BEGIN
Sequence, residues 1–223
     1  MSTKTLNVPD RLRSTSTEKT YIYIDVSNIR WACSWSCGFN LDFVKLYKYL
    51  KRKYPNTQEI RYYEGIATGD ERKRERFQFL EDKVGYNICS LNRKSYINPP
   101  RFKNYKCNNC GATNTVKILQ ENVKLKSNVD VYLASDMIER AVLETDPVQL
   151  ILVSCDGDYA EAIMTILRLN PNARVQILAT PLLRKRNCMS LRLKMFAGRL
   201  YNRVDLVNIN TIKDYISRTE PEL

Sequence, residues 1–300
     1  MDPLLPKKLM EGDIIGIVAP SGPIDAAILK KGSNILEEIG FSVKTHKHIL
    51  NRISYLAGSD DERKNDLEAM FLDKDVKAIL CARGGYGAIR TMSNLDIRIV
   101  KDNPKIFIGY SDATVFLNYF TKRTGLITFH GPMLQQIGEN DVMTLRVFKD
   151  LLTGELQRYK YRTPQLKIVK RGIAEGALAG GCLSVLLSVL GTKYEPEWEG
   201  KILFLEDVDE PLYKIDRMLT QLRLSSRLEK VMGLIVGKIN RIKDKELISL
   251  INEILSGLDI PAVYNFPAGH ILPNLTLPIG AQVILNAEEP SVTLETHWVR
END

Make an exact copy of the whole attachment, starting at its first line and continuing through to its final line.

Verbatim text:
Sequence, residues 1–223
     1  MSTKTLNVPD RLRSTSTEKT YIYIDVSNIR WACSWSCGFN LDFVKLYKYL
    51  KRKYPNTQEI RYYEGIATGD ERKRERFQFL EDKVGYNICS LNRKSYINPP
   101  RFKNYKCNNC GATNTVKILQ ENVKLKSNVD VYLASDMIER AVLETDPVQL
   151  ILVSCDGDYA EAIMTILRLN PNARVQILAT PLLRKRNCMS LRLKMFAGRL
   201  YNRVDLVNIN TIKDYISRTE PEL

Sequence, residues 1–300
     1  MDPLLPKKLM EGDIIGIVAP SGPIDAAILK KGSNILEEIG FSVKTHKHIL
    51  NRISYLAGSD DERKNDLEAM FLDKDVKAIL CARGGYGAIR TMSNLDIRIV
   101  KDNPKIFIGY SDATVFLNYF TKRTGLITFH GPMLQQIGEN DVMTLRVFKD
   151  LLTGELQRYK YRTPQLKIVK RGIAEGALAG GCLSVLLSVL GTKYEPEWEG
   201  KILFLEDVDE PLYKIDRMLT QLRLSSRLEK VMGLIVGKIN RIKDKELISL
   251  INEILSGLDI PAVYNFPAGH ILPNLTLPIG AQVILNAEEP SVTLETHWVR